Toronto Condo Rentals

Are Toronto Airbnbs Turning Into Long-Term Rentals Amidst The Covid-19 Pandemic?

Thursday Apr 23rd, 2020


After struggling for years on end to stop their buildings from being used by short-term rental operators as de facto hotels, more and more Toronto Condos are finally putting a ban on Airbnbs, in the aftermath of the Covid-19 pandemic. At a time when self-isolation and social distancing are the new buzzwords, Airbnb and other such short-term rental platforms are giving in to global travel bans and experiencing an unprecedented number of booking cancellations.

In particular, Maple Leaf Square condos on Bremner Blvd. and ICE condos at York St. and Lake Shore Blvd. W. prohibited short-term stays, effective last Thursday. These two buildings had a total of 125 units listed for short-term rent. Anyone currently occupying any units won’t be disturbed during their period of stay, but all imminent bookings of less than 28 days are to be cancelled. In addition, owners are instructed to deactivate any devices given to unauthorized residents for seeking access to the building.

According to Fairbnb, a coalition that incited the Premier Doug Ford to ban Airbnb and other such services during the Covid-19 crisis to mitigate the community spread of COVID-19, “individual hosts who break the emergency law could face fines up to $100,000, while corporations could face a setback of up to $10,000,000.”

People don’t seem to appear sympathetic with Airbnb owners who are now bemoaning a dramatic drop in revenue, since almost everyone is bearing the financial brunt brought about by the novel coronavirus situation. If anything, people see those 125 units as a whopping five per cent of the entire building that just became available on the market for long-term rental again!

More Housing Supply

As we have all witnessed, the prevalence of short-term rental companies like Airbnb have significantly decreased the number of apartments available for local renters, while skyrocketed the already high rents in the Toronto region. Airbnb was a gentrification juggernaut, watching profits snowball, devouring properties left and right, and displacing residents looking for long-term housing. A McGill study states that that Airbnb removed approximately 31,000 homes from the Canadian rental market, with hosts having earned $1.8 billion in 2018 alone. So, it’s no surprise that tenants came to develop a distaste for these so-called ghost hotels and the people behind them.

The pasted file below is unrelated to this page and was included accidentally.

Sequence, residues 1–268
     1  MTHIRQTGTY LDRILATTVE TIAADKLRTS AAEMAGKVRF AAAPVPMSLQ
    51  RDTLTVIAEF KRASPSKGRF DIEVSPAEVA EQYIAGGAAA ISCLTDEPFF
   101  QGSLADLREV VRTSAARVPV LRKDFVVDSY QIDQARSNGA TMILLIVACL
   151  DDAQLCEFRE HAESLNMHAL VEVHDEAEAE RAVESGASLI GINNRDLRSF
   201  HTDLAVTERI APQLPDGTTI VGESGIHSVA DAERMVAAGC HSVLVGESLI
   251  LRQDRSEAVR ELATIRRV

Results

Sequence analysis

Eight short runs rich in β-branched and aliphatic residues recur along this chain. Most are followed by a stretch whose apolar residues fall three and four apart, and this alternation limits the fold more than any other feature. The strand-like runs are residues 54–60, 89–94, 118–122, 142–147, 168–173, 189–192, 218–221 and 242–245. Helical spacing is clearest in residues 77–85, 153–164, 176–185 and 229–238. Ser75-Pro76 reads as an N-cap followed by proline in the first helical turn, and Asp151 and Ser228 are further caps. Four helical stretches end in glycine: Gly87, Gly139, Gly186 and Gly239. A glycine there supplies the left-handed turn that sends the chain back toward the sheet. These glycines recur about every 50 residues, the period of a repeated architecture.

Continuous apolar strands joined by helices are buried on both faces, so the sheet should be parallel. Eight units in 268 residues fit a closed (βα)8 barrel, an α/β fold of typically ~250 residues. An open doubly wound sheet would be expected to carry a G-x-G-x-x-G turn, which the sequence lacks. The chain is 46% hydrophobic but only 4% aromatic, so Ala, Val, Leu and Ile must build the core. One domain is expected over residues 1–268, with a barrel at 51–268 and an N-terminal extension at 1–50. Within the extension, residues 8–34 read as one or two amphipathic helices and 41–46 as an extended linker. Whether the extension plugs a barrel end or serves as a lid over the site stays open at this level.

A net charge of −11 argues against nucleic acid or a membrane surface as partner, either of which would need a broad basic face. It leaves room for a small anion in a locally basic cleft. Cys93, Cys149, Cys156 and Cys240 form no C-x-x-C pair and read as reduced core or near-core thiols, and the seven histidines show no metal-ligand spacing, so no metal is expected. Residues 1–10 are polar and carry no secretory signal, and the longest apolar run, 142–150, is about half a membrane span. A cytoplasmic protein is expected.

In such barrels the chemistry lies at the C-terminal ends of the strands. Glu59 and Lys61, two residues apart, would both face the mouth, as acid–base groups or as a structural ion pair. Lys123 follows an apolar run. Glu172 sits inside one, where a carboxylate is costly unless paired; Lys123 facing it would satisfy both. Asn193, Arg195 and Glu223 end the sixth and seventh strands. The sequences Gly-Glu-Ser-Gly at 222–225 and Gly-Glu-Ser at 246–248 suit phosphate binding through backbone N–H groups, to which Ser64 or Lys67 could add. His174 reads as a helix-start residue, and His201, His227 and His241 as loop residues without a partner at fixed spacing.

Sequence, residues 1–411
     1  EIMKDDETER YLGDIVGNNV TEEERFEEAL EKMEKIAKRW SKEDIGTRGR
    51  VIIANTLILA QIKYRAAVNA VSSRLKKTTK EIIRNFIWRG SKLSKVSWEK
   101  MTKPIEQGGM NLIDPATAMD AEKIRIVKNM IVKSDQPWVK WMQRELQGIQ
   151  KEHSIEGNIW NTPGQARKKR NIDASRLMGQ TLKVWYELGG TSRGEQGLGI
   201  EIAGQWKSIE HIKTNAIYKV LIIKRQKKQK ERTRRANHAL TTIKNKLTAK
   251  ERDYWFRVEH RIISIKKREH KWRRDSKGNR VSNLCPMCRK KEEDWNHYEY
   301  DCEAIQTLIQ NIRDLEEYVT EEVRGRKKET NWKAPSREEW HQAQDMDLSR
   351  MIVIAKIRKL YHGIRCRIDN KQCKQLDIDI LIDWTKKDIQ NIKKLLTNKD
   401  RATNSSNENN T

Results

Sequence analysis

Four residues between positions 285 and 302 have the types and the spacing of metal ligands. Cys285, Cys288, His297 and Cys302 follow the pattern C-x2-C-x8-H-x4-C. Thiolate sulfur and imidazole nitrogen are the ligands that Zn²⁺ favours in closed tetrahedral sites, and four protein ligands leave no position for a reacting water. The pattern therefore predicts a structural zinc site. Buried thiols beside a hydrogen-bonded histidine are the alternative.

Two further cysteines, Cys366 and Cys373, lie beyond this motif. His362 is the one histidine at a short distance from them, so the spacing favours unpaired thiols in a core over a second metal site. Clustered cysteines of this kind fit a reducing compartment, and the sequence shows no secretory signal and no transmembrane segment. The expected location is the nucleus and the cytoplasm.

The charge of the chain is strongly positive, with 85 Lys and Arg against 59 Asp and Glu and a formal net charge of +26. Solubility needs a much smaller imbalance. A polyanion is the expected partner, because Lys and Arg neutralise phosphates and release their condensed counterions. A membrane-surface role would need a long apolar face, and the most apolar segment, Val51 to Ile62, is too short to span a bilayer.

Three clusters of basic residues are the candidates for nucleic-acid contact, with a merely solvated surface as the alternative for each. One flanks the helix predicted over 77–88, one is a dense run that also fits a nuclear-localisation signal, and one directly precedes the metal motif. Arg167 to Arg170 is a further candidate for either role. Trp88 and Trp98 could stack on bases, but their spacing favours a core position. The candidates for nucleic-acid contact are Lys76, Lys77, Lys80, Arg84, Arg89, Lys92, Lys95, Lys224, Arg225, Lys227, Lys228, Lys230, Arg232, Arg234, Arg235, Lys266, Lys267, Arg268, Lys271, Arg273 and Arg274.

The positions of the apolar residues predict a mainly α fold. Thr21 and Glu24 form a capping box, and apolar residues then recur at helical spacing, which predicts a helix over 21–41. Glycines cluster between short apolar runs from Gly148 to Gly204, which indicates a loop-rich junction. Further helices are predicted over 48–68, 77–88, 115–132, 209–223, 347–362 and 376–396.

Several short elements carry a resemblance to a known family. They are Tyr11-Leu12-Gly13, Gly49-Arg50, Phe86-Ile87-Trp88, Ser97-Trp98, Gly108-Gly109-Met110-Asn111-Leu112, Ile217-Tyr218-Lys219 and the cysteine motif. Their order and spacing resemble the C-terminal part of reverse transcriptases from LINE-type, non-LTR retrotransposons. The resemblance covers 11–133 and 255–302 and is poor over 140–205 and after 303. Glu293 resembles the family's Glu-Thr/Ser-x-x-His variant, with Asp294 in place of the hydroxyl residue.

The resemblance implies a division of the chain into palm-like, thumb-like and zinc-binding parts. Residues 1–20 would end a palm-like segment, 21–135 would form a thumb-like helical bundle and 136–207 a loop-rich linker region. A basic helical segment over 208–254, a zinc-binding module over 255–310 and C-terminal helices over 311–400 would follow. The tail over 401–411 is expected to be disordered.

Now that the current pandemic has left these Airbnb owners strapped for money and customers, an influx of hitherto short-term rentals just became available again on long-term rental sites, as former hosts decided to become actual landlords. As owners scramble to minimize loss, it is estimated that COVID-19 crisis will return approximately 7,500 homes back to the long-term market. Airbnb has bereaved the real estate markets of thousands of housing units all over the world. What the COVID-19 seems to be doing right is what advocates and regulators had been trying to accomplish for quite some time now.

Lately, we have noticed fully furnished units with pictures that show Airbnb-esque things like towels folded atop fully made beds or washroom equipped with toiletries, appearing on reputable real estate sites, while the prices for actual Airbnb listings have markedly dropped in an attempt to attract some guest or two. It seems to me like most Airbnb owners are returning to the real estate market to secure some income.

Left with so many vacant rentals all over the globe, Airbnb extended a nice gesture of offering 100,000 front-line healthcare workers subsidized or free housing in the face of the current crisis. Hosts who decide to make their property available for the cause can opt into the new initiative. The company has also facilitated its hosts who are impacted by the recent influx of cancellations by offering a support package of $240 million. This initiative doesn’t make up for the loss of bookings but only compensates hosts for bookings that were made and then cancelled since March 14. Perhaps when this is all over, this new development will be the silver lining for the notoriously tight Toronto rental market.

Post a comment